ST. PAUL, Minn. – The 14 states running their own health insurance marketplaces had all their startup costs footed by the federal government, but they’re supposed to pay for themselves starting next year under the federal health care reform law.
In several states, it’s unclear if it will work out that way. Projected enrollments are lower than expected, meaning the insurance surcharges designed to sustain the exchanges might not generate enough revenue in the years ahead without significant changes in the financing model.
Officials in some states are stashing away federal grant money to continue paying for operations beyond the January 2015 target date for financial self-sufficiency. Others are contemplating staffing cuts or boosting insurance surcharges.
To date, the 14 states operating their own exchanges, plus the District of Columbia, have received nearly $3.8 billion to start and operate their health insurance exchanges, according to a state-by-state tally by The Associated Press.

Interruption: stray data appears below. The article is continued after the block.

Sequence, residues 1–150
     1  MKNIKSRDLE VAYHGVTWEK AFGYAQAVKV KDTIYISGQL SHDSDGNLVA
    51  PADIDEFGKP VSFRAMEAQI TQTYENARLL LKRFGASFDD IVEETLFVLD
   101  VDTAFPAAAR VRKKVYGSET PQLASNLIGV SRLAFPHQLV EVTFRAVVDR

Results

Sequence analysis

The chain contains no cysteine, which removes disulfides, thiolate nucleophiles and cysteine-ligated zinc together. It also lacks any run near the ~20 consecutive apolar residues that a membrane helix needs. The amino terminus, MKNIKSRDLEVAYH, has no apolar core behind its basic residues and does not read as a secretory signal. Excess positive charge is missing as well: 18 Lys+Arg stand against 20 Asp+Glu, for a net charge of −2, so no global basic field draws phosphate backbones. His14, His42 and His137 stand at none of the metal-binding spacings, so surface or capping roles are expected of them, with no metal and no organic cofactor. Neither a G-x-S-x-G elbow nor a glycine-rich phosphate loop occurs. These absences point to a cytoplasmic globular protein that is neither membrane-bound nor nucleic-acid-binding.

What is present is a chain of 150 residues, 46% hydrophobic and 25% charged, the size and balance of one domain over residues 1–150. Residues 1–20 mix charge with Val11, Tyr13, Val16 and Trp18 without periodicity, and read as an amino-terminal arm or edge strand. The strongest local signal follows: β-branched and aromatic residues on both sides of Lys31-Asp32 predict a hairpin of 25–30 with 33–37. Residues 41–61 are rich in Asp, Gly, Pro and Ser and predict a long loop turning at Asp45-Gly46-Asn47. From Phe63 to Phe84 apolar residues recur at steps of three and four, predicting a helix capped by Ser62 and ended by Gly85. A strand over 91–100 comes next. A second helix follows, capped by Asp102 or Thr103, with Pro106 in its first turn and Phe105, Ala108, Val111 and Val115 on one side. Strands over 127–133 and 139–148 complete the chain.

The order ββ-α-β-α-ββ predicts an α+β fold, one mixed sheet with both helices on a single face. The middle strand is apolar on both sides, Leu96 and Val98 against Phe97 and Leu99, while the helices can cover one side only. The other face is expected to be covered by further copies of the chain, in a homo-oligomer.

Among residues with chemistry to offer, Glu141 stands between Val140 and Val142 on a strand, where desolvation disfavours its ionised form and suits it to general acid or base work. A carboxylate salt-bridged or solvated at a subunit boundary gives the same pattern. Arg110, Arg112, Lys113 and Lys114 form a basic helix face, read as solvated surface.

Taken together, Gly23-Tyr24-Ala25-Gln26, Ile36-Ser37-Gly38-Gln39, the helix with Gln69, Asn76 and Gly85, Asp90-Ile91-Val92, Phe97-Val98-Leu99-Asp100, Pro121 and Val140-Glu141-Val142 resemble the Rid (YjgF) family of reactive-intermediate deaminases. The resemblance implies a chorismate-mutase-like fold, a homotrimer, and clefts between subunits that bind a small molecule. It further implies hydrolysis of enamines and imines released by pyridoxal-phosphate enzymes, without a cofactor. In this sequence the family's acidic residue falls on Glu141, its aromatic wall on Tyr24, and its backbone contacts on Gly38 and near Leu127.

Several states already are considering options to stave off concerns about solvency:
• The exchange in California, which leads the nation in sign-ups, is setting aside $184 million in federal grant money to cover projected budget deficits through 2016.
• Rhode Island is asking for an extension to keep using federal grant money through the first half of next year, and lawmakers and business leaders have expressed concern that the state has no clear plan for paying for the exchange once that money runs out.
• Minnesota, Oregon and Washington are among the states pledging to sharply cut costs to remain afloat.
• Washington also is considering an increased tax on insurance companies as the state Health Benefit Exchange adjusts to a new funding reality, moving from federal grants totaling almost $150 million this year to $40 million allocated by the Legislature for 2015.